“The cost of the health services is expensive, and I emphasized with the unemployed and those that come from the squatter settlements. They cannot afford to pay for the high cost of health services” (Participant 016).

“There is no form of communication from the clinic who to contact during emergencies” (Participant 004, 011).

The respondents’ claims indicated that access to comprehensive, quality healthcare services is important for promoting and maintaining disease, reducing unwanted disabilities, and premature death. The healthcare industry is one of the key domains that influence the local population. This study reveals the important role of health professionals and socioeconomic status as narrated by the study respondents. As healthcare expenditure increases and the sector continue to grow, accessibility remains a major concern in many countries, particularly populations with lower socioeconomic status (LSES).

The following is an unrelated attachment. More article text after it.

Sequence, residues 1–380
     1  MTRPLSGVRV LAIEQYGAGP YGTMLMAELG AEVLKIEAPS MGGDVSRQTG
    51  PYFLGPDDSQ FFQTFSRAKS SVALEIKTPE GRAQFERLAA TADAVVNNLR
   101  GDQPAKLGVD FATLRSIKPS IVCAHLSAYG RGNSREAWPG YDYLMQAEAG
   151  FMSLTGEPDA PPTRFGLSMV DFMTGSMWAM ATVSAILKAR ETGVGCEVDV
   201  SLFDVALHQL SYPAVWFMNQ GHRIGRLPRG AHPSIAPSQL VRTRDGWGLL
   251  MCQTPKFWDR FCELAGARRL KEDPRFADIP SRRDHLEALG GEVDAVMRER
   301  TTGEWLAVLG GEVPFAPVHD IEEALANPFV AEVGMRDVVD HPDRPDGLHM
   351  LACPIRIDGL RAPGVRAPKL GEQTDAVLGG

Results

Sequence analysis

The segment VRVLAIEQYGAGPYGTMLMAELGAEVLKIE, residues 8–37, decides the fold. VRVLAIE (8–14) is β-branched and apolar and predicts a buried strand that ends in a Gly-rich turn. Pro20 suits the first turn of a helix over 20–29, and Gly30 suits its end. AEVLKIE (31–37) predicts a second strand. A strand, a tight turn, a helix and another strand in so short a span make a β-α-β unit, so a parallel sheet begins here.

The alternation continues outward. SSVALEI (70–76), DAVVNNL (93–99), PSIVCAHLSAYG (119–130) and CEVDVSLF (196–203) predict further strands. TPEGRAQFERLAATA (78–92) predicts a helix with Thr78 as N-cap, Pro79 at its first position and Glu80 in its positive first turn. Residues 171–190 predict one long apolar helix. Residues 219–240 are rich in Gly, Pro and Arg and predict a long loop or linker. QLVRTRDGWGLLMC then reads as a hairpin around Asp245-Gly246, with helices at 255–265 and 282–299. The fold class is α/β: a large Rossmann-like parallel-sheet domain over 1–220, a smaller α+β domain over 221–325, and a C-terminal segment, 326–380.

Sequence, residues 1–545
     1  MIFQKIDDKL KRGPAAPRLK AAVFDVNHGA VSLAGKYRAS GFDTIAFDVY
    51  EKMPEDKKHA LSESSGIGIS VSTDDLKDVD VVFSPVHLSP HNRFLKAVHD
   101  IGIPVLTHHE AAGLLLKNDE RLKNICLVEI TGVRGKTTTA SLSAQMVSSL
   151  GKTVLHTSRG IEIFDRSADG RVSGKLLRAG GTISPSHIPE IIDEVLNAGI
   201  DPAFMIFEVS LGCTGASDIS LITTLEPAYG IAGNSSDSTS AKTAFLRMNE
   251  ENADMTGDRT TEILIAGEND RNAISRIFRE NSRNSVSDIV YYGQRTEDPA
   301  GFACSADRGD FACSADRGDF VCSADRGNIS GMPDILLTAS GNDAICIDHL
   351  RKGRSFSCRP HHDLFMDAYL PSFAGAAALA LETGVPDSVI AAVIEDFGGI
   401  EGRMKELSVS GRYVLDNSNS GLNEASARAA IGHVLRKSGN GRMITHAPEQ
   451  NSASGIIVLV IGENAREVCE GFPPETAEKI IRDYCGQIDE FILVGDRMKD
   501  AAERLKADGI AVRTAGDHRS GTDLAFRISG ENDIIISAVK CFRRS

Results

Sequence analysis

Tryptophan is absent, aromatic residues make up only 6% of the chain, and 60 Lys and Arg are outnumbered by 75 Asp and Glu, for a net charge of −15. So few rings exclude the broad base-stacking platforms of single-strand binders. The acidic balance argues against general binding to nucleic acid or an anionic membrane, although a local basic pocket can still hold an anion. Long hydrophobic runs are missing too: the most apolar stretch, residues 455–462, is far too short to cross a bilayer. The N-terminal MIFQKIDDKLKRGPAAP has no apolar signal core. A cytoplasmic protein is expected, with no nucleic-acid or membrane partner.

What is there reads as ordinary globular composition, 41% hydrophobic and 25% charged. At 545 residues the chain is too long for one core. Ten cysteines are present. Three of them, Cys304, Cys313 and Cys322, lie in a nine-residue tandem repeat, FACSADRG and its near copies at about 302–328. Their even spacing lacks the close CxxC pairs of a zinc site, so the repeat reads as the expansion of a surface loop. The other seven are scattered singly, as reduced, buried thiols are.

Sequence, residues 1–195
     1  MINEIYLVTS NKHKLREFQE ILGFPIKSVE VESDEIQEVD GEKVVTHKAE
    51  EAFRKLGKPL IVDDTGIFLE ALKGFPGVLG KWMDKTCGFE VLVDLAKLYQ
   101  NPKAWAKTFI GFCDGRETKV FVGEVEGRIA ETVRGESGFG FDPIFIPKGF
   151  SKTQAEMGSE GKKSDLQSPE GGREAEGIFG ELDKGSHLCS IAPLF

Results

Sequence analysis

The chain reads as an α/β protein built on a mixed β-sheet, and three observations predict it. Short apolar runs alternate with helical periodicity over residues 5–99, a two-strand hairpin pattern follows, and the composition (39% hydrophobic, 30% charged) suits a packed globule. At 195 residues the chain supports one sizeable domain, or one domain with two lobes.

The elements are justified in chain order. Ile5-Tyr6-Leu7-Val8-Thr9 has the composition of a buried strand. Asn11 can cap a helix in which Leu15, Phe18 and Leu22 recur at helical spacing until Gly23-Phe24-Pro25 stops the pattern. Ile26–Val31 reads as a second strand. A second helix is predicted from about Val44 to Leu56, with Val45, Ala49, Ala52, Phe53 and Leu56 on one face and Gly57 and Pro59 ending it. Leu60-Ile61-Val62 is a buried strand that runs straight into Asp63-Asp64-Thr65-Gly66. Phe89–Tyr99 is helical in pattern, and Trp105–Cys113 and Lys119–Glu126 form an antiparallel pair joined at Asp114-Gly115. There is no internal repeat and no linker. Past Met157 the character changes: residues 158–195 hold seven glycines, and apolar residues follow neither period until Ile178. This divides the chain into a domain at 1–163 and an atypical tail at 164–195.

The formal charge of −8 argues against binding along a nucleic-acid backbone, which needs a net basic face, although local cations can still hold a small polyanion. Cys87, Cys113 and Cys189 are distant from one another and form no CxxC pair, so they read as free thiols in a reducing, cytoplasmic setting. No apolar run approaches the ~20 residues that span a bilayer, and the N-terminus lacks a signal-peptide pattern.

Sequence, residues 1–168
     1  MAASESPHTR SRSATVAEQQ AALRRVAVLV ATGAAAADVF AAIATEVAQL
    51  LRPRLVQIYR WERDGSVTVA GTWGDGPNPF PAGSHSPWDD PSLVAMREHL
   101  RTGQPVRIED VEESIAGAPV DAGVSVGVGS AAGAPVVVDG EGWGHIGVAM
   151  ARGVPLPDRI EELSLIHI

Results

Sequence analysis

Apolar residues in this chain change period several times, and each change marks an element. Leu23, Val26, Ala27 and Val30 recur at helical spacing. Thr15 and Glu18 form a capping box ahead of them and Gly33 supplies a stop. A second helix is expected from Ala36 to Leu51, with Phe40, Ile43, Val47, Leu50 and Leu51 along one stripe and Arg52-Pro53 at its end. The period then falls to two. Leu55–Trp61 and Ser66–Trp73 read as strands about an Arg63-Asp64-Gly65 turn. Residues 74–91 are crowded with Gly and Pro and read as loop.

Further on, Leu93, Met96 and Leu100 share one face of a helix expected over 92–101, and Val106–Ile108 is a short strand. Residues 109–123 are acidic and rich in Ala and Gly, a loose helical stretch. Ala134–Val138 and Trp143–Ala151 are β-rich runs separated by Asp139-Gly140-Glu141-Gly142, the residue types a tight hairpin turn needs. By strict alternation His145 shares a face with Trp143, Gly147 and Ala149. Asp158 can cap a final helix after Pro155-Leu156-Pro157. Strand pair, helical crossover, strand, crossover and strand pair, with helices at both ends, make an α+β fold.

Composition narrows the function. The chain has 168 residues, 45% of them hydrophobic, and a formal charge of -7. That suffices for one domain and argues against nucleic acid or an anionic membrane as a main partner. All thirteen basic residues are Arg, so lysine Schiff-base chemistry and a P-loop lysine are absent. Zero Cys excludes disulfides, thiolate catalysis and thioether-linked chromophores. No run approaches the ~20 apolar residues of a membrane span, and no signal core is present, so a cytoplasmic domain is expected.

Acceptability of health services

Respondents emphasized the significance of providing health services according to end-users needs and expectations. The design and organization of health care services should be done according to current health and demographic information. In that way, healthcare providers are confident that health services are relevant to the needs of patients. Health services are provided to different segments of the population including men, women, and children. The respondents stressed that health services should be tailored to meet such groups. However, respondents stressed that due to lack of consideration of end-users needs, some vital services such as mother and child health, emergency services, and microscopy are not provided. As a result, some female respondents stressed that their work is affected because they had to care for their sick child at the nearby general hospital.